Another Association of American Feed Control Officials (AAFCO) meeting is over.
This was the largest attendance of consumer advocates we’ve ever had at AAFCO. Dr. Karen Becker, Rodney Habib, Daniel Orrego, Dr. Barbara Royal, Dr. Natasha Lilly, Chelsea Kent, Tammy Akerman, B.C. Henschen, Laura Beveridge, Julie Elrod, Roxanne Stone, Billy Hoekman, (not pictured) Dr. Cathy Alinovi, and myself. (Also pictured who joined us for dinner is Audree, Dr. Josie, Jillian, and Maura.)
AAFCO meetings are a necessity. A necessity for us to be here, and a necessity for regulations to be established that properly regulate the food that animals consume. Part of the problem is that a great deal of effort is taken to write legal definitions of ingredients or determine the required font size on a label – but little enforcement of those detailed regulations happen.
We had a meeting with FDA right after the last session on Tuesday 7/31/18. One of the two pet owners that spoke with FDA had multiple pets get sick from a commercial dog food. She told FDA that she purchased the dog food – in part – based on the images of steak on the label (just like millions of other pet owners have). What the label told her was in the food (steak) she later learned was not even close to what her dogs actually ate. The misleading pet food label cost her more than $6000.00 in vet bills – and the misleading image almost cost her her dog.
In the AAFCO book is this pet food regulation: “A vignette, graphic, or pictorial representation on a pet food label shall not misrepresent the contents of the package.” At a previous AAFCO meeting – probably 20 years ago – regulatory officials meticulously wrote this legal requirement of pet food labels. But…20 years later, not one State Department of Agriculture and not one FDA representative bothers to enforce this law.
Millions of pet food consumers unknowingly buy pet foods based on those misleading images on the label – images that are supposed to be regulated…but are not.
So part of the insanity of AAFCO is that many people work very hard to write legal requirements of pet food/animal feed…and then those very legal requirements are ignored.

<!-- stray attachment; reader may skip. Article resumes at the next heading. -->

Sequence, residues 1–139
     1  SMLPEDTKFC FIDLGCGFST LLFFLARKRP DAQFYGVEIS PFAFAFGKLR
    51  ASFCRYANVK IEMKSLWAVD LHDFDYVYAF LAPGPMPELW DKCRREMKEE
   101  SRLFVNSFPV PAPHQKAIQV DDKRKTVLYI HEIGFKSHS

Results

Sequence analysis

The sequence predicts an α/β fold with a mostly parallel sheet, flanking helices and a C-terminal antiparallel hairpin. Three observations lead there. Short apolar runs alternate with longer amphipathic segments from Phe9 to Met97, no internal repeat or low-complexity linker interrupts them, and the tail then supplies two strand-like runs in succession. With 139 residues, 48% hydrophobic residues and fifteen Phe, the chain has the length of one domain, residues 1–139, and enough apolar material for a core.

Another pet owner shared her story with FDA during our meeting. Her story was of her dog’s death directly linked to a dog treat. This pet owner reported the incident to FDA, had the treat tested, provided all test results to FDA. But a full year after her dog died, FDA has done little to investigate the death. Through tear filled eyes, we all listened to her story and her pleas with FDA to do something to get a risky product off the market. She told the agency how concerning it was that she has to be the one to investigate the dog treat – because no regulatory authority was.
And again, we have another glaring concern of pet food. Lack of properly investigating a dangerous pet food or treat. Consumer tax dollars support the authorities that are supposed to be investigating a pet food/treat illness or death…but if we want an unsafe product off store shelves, consumers are left to investigate on our own.
What AAFCO members care most about is industry. And they are not shy about stating that. During the Ingredient Definitions Committee session a State Department of Agriculture representative reminded committee members that “firms are going to be hurting” if they don’t push through these ingredient definitions (they want to sell the ingredient but cannot until it is legally defined). During the Pet Food Label Modernization session (discussion on future updates to pet food labels), a State Department of Agriculture representative openly encouraged industry to complain about these label updates stating “this is going to cost you money to change your labels, more of you need to speak out against this”. This same State Department of Agriculture representative told the committee to “consider the economic impact to industry” regarding pet food labeling changes.
FYI – after the 2007 pet food recall, Congress required FDA to update pet food labels. Congress required FDA to complete this work by September 2009. This has never been completed by FDA. Nine years after law required pet food labels be updated, government officials complain the changes will hurt industry.
The biggest concern of regulatory authorities – AAFCO, State Department of Agriculture, and FDA – is industry. And we have to change that. Consumers are the largest stakeholder group of pet food. We are the reason commercial pet food exists. Somehow, some way…we have to constantly remind authorities that consumers ARE the most important stakeholder of pet food.
Our amazing team at AAFCO was wonderful. The caring energy from everyone was empowering. We were – as typical at AAFCO meetings – followed and listened to. During our meeting with FDA, someone was reporting every word back to another on a cell phone (yes, we saw you). But we didn’t care. We have nothing to hide, they do.
A special thank you to Dr. Karen Becker, Rodney Habib, Dr. Barbara Royal and Dr. Natasha Lilly for coming to AAFCO. You are appreciated more than words can properly explain.
Wishing you and your pet(s) the best,
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